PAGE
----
It was a dark and slippery early morning on the Oregon Coast when researchers scrambled down the rocky shore in the small town of Yachats.

They kept one eye on the crashing waves while scanning for two species of Pacific Northwest sea life that are now being checked for microplastics — fibers and fragments less than 5 millimeters long. A very low tide on Saturday accounted for the pre-dawn alarm to collect mussels and whelks that prey on the mussels.

“Mussels are filter feeders,” said Andrew Williams, a student on the Oregon State University research team. “They’ll eat whatever is coming by in the water. That includes microplastics.”

The mussel bed where Williams collected samples looked healthy. But most of the bivalves he has analyzed so far have ingested some plastic.

“We can use these as basically health indicators for our coastal systems,” Williams said.

Williams’ project is among many investigations underway of microplastics in Pacific Northwest waters. This has become a hot topic for local scientists, for similar reasons city and state policymakers and activists are debating plastic bag bans and how to reduce plastic straw and bottled water usage. All are concerned that the world’s oceans are awash in plastic trash and fibers.

Scientists from Oregon, Washington state and British Columbia are scrutinizing the marine food chain from top to bottom, from zooplankton to killer whales. Sea otters, river otters, oysters, various clams, rockfish and young salmon are also being analyzed for microplastics.

Oregon State master’s student Katherine Lasdin and her advisor suited up like surgeons on Saturday before tackling the messy, pungent task of slicing the gastrointestinal tract out of a donated rockfish at the Port of Newport. They have convinced a charter fishing company and the Oregon Department of Fish and Wildlife to donate rockfish carcasses that would be otherwise discarded.

“It’s incredible that we have so many different species being worked on,” said Lasdin. “One of the unique things is that the ocean is not just one thing. You have to look at different species because intertidal organisms could feed other species that could eventually feed a fish or a whale. So it’s all linked together.”

Researchers from the National Oceanic and Atmospheric Administration working on the critically-endangered killer whales and an Oregon State team looking at otters rely on poop samples to study their subjects. Marine mammal poop is difficult to discern and collect in the wild. The otter project has evolved to include some samples from wild critters scooped up from haul outs on land as well as samples from captive sea and river otters at the Seattle Aquarium.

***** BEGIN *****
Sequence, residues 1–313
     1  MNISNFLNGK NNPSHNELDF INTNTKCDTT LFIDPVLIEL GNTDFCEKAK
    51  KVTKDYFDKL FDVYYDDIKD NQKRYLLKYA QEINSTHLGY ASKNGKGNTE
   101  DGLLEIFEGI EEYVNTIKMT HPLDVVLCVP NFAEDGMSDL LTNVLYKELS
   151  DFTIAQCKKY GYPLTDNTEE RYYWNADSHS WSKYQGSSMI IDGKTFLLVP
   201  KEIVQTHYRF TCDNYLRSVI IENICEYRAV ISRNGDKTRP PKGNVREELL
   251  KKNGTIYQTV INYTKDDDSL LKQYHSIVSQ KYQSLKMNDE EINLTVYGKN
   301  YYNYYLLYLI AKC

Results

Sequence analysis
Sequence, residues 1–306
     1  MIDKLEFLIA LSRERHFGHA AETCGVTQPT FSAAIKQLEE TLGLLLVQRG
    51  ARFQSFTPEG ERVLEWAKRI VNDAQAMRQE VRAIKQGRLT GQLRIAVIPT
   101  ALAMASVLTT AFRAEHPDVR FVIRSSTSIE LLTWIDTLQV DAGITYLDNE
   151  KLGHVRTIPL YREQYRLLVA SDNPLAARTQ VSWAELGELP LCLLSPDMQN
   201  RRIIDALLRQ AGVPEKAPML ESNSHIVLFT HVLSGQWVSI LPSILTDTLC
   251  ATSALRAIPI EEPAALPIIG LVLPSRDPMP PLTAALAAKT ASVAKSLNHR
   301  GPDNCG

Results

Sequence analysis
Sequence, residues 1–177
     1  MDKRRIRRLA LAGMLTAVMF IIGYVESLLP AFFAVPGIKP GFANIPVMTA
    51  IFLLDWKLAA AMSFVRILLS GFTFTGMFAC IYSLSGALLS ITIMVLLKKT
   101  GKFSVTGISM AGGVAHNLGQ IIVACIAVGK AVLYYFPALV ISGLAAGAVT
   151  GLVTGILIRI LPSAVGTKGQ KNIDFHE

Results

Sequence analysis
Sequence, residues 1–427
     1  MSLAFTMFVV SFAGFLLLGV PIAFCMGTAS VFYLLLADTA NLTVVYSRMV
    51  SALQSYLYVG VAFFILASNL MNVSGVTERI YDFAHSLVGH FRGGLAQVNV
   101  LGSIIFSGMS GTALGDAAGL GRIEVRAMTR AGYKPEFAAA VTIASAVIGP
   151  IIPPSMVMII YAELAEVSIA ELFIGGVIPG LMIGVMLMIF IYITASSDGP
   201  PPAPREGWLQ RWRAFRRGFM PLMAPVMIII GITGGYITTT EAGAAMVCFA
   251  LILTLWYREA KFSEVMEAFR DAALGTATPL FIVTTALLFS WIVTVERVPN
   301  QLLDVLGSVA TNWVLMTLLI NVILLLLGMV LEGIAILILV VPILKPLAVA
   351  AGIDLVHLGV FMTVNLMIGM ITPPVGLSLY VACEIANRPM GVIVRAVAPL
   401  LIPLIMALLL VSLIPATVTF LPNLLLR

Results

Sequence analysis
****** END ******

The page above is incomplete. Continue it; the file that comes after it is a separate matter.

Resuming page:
Many samples funnel through a lab on the OSU Corvallis campus supervised by toxicologist Susanne Brander.

There the fish and bivalve tissues get dissolved in a solution similar to lye. Among the leftovers are bits of suspected plastics. These are usually so microscopic it’s challenging to prove a fragment used to be a plastic straw or a grocery bag. Brander actually expects the most common finds to be fibers from synthetic ropes, nets and especially clothing.

“If you wash your fleece or your nylon jacket, there are small amounts of fibers that come off each time you wash it,” Brander explained. “A lot of that is getting out into freshwater, into the ocean and then that is easily accumulated by animals.”

Earlier this year, Portland State University researchers Britta Baechler and Elise Granek determined that 99% of the microscopic plastics they found in Oregon Coast oysters and razor clams were fibers. Millimeter-short fibers that enter the environment from laundering synthetic clothes can pass through sewage treatment plants.

None of the Pacific Northwest scientists contacted for this story could say yet whether the species they are studying are being harmed by ingested plastics.

“We’re still in the beginning stage of finding out what the impacts are of ingesting those microplastics,” said OSU master’s student Jennifer Van Brocklin, who is working on sea otters and river otters. “The first step is to find out how many microplastics they are ingesting and what the size and types of plastic are.”

Brander suspected subsequent studies may reveal “sub-lethal effects.”

“A sub-lethal effect would be something like an effect on growth, or an effect on the number of eggs than an animal is able to reproduce, or its ability to swim,” she said. “Although those effects are called sub-lethal effects, ultimately they can affect total population size.”

If scientists are finding microplastics in all kinds of local marine life, should we be worried about consuming seafood? Brander herself is fond of scallops and continues to eat them.

“For right now, the health benefits of eating seafood probably outweigh the potential risks,” Brander said. “But we’re working on that.”

Brander mentioned an Australian study published this summer that said humans unwittingly consume about a credit card’s worth of plastic each week — roughly 5 grams. She said it’s presently unknown whether those tiny plastic particles inside us have health effects.

Marine scientists and toxicologists from Corvallis to Vancouver, British Columbia, met at the Seattle Aquarium this week to compare notes and standardize methods for monitoring plastics in local waters.

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